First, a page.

The family of a teenager who survived a car crash after the vehicle called 999 believes the automatic alert system saved his life.
Bradley Duke, 14, was seriously injured when the car he was travelling in to school crashed into a wall at 60mph in icy conditions.
Everyone in the car was knocked unconscious in the incident in the Totley area of Sheffield, but the BMW alerted emergency services using an automatic system to give rescuers the car’s exact location.
Since April this year, the eCall system has been compulsory in all new cars in the EU. It calls the 112 emergency number if an airbag is deployed.
Bradley’s mother Claire said: “Without the BMW, Bradley wouldn’t be here today.
“By the time I came around, the road ambulance was moments away and the helicopter arrived shortly afterwards.
“It had snowed the night before and we’d recently moved to Sheffield. I didn’t know the road well.
“There was opposing traffic on the main road at the bottom of the hill, so I tried to stop the car and pull in. We hit the wall by the roadside at close to 60mph.
“Bradley was sitting behind me. His little brother dropped something and Bradley took his seatbelt off to retrieve it.”
Bradley suffered multiple fractures to his skull, face, spine and wrist, his mother said.
Mrs Duke and Bradley’s younger brother Hayden suffered less serious injuries as they were wearing seatbelts.
An air ambulance was called to the crash on January 13 last year and medics put Bradley into an induced coma before he was taken to Sheffield Children’s Hospital.
He was rushed on a stretcher from Weston Park – where the helicopter currently lands – across the busy A57 road into the hospital’s emergency department.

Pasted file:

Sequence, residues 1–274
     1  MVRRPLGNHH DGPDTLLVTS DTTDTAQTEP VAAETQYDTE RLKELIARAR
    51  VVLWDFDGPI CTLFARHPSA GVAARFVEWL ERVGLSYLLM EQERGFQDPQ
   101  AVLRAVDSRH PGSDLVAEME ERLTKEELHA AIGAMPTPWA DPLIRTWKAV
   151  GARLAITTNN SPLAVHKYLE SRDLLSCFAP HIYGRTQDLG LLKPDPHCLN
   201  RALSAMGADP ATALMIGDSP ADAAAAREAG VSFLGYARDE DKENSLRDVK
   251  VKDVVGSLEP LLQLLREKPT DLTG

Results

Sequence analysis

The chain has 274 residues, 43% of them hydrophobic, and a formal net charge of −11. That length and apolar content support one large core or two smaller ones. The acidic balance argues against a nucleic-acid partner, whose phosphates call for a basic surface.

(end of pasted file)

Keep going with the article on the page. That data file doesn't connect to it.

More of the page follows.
His family has joined a fundraising campaign to build a £6 million helipad on top of the children’s hospital.
Bradley underwent a six-hour operation and spent more than a month in hospital, including nine days in a coma.
Mrs Duke said: “They said to me, ‘best case, he’ll make a full recovery; worst case, he’ll never wake up’.
“I didn’t know whether I was ever going to see him again.”
Bradley’s family, who live in the Middlewood area of Sheffield, said they still do not know the long-term impact and he continues to struggle with his short-term memory, but he has returned to school.
His mother said: “He wanted to be in the Army before the accident but now he wants to do something to save lives.
“We don’t know what that will be yet, he just said he wants to help people, fix things and put a little piece of the world back together.”
The Children’s Hospital Charity has launched its biggest ever appeal to build a new helipad and expand the emergency department.
“Building the helipad and expanding the emergency department would help ensure the staff have the facilities they need to save more lives like Bradley’s,” Mrs Duke said.
Charity director David Vernon-Edwards said: “A new helipad and expanded emergency department has never been more needed as we strive to build a better future for patients like Bradley at Sheffield Children’s Hospital.”
– More details about the helipad appeal can be found at www.tchc.org.uk